With Childhood Hunger Increasing, Maryland Schools Will Need to Redouble Efforts to Increase School Breakfast Participation Upon Re-Opening

Jordan Baker
410-528-0021, ext. 3018

BALTIMORE, October 28, 2020 – The School Breakfast Program plays a key role in ensuring children start the day with the nutrition they need to learn – yet too many low-income children in Maryland are missing out on this proven program, according to a new report released today by Maryland Hunger Solutions.

“We know that, due to COVID-19, school systems are using delivery models that don’t compare to in-person learning models. We also know that COVID-19 has led to dramatically increasing childhood hunger in the state and across the country, causing schools to redouble their efforts now, and when they re-open to reach more low-income children with school breakfast,” said Michael J. Wilson, director of Maryland Hunger Solutions.

The Creating Healthier Students & Better Learners with the School Breakfast Program: Maryland School Breakfast Report finds that in the 2018-2019 school year, only 61.8 low-income students ate school breakfast for every 100 who ate school lunch in Maryland.

Out of the 24 public districts, only 12 met the Food Research & Action Center (FRAC)’s goal of reaching 70 low-income children with school breakfast for every 1oo participating in school lunch.

To reach more children with school breakfast, the report recommends that:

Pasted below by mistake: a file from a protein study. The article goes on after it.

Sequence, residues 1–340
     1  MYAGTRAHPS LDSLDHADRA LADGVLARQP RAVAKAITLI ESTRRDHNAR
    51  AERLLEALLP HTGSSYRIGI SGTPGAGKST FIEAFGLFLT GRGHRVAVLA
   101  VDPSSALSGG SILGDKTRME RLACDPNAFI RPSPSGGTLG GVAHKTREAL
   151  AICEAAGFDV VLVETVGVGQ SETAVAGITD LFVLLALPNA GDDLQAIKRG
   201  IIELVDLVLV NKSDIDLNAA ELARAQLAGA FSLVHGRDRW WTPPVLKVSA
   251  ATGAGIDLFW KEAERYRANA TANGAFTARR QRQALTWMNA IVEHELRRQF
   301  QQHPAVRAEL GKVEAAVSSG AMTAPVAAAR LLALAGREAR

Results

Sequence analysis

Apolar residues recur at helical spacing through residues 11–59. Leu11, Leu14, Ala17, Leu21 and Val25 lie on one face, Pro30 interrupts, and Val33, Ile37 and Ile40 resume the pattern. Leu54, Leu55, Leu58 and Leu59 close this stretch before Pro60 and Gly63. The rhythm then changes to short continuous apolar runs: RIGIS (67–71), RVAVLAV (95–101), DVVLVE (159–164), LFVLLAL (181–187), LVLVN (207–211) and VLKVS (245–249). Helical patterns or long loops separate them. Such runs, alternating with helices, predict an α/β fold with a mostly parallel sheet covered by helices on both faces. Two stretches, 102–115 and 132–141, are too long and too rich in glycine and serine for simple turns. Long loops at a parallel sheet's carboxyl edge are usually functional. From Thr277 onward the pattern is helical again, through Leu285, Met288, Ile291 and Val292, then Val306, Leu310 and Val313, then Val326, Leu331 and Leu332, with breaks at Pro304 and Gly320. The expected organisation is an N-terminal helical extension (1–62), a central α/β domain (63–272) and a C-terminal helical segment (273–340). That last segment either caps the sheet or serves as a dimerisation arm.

• all schools implement a breakfast after the bell service model, such as breakfast in the classroom, “grab and go,” or second chance breakfast;
  • eligible districts and schools provide free meals to all students by adopting community eligibility; and
  • eligible schools apply for Maryland Meals for Achievement funding to implement breakfast in the classroom at no charge.

The Community Eligibility Provision, also known as CEP, allows schools in high-poverty areas to offer nutritious meals to all students at no charge. Community eligibility gives school districts an important opportunity to meet their students’ nutritional needs, particularly as millions of families are being impacted by the economic crisis being driven by COVID-19.

In the meantime, with schools shuttered across the state, a new innovative program known as Pandemic-EBT (P-EBT) is providing families whose children have lost access to free or reduced-price school meals with an electronic benefit card to purchase food at grocery stores.

The U.S. Department of Agriculture (USDA) must issue guidance on P-EBT quickly that allows Maryland to extend its program through the school year with the flexibilities and support needed to reach remote-learning students who are missing out on school meals, as well as young children.

Download the full report.


Maryland Hunger Solutions works to end hunger and improve the nutrition, health, and well-being of children and families in Maryland.